Theoretically, the corporate AMT can take the form of a tax payment in advance on certain “deferral preferences,” a fancy term for costs of doing business that create timing differences such as a non-cash expense like accelerated depreciation on machinery and equipment. In any case, AMT credits claimed later should equalize any advance tax payments when the preference reverses as income, such as when a fully depreciated piece of machinery is sold for a price greater than the depreciated “book” value. Unfortunately, the AMT credit does not work quite that way.

Taxpayers can expect to wait many years before using their AMT credit. Due to the way the law is structured, taxpayers may find their AMT credit reduced, even when not previously used to offset regular tax, once they are eligible to use the AMT credit. This makes tax planning and compliance more difficult and frustrating.

Is the AMT unfair?

When you fill your tank with gasoline, you easily make the connection between the cost of federal and state gas taxes and the benefit of having quality roads and safe bridges. The same reasoning applies when paying property taxes for schools and libraries or buying an airline ticket with TSA security fees and airport infrastructure charges added on. But where is a similar connection between the AMT and some tangible benefit to taxpayers?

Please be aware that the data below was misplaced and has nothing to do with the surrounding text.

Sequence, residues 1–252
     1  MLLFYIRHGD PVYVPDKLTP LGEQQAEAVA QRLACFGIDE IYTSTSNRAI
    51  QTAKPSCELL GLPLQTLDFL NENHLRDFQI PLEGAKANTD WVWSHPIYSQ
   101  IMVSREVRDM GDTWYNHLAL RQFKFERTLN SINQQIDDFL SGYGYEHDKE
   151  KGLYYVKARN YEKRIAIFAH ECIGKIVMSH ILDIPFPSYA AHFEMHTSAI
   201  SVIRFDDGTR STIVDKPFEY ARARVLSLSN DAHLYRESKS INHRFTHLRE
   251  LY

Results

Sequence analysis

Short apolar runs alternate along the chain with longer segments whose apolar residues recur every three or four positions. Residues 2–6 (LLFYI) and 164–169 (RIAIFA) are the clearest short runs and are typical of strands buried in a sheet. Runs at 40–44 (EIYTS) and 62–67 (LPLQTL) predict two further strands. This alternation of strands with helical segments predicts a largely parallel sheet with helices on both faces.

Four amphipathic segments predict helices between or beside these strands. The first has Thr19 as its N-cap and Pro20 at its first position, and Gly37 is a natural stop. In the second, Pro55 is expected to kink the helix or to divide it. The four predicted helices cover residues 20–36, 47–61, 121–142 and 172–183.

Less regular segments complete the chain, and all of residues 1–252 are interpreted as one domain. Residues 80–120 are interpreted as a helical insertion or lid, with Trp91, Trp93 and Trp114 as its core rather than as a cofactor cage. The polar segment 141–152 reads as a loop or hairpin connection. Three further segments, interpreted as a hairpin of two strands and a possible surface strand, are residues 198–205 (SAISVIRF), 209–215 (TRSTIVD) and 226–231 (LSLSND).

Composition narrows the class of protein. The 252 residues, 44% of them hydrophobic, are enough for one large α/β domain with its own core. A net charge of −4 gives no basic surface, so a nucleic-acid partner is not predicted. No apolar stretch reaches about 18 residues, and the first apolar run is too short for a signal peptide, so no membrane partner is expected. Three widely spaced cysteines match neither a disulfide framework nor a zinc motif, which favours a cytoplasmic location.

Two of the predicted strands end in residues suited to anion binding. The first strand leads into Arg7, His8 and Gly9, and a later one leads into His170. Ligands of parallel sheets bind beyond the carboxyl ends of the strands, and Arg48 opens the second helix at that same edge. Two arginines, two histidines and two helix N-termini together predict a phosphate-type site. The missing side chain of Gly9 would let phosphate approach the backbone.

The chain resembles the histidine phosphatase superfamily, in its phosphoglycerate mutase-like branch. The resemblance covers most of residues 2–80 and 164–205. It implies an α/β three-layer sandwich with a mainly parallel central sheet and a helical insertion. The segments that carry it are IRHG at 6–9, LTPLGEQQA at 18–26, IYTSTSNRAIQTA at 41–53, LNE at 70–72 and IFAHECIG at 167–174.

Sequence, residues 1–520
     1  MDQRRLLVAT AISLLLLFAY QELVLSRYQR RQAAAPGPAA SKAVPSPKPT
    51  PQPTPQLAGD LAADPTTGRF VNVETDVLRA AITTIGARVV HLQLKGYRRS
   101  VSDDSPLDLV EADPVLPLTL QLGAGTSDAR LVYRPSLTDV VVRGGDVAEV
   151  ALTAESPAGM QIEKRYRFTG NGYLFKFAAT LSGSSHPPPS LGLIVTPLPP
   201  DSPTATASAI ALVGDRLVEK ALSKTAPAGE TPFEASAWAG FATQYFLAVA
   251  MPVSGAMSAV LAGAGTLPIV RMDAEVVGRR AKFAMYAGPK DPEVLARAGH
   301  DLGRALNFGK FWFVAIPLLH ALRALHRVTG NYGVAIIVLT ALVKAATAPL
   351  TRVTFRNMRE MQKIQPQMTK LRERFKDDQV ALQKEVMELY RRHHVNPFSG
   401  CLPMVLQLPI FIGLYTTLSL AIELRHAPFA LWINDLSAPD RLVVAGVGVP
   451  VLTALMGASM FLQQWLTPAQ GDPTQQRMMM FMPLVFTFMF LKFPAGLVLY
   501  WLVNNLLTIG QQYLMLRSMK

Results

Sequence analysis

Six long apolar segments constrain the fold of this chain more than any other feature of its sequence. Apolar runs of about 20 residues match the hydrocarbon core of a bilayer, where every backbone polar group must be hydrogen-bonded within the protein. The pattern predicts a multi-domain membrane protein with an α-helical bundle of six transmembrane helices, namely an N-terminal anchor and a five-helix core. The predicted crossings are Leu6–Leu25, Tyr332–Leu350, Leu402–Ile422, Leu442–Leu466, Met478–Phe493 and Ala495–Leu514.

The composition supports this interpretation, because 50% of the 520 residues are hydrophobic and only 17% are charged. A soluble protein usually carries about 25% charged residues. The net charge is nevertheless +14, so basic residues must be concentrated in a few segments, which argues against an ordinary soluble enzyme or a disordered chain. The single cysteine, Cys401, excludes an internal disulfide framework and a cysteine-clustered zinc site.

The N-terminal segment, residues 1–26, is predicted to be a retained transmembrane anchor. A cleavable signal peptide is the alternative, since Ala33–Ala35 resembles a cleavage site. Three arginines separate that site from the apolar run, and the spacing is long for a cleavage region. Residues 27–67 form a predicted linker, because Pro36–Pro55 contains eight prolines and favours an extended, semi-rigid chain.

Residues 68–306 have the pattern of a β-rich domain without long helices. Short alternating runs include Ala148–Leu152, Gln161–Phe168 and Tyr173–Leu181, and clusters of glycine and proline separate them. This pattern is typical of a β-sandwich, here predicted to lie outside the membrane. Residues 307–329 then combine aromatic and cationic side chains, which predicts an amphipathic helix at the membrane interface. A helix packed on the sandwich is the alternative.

The AMT is little more than a massive wealth transfer with neither rhyme nor reason except that, in the past, a handful of wealthy Americans escaped paying income tax and Congress put a stop to it. In doing so, a revenue tidal wave derived tax receipts from more modest income individuals of far less wealth who never purposely avoided any tax like those wealthy families once did.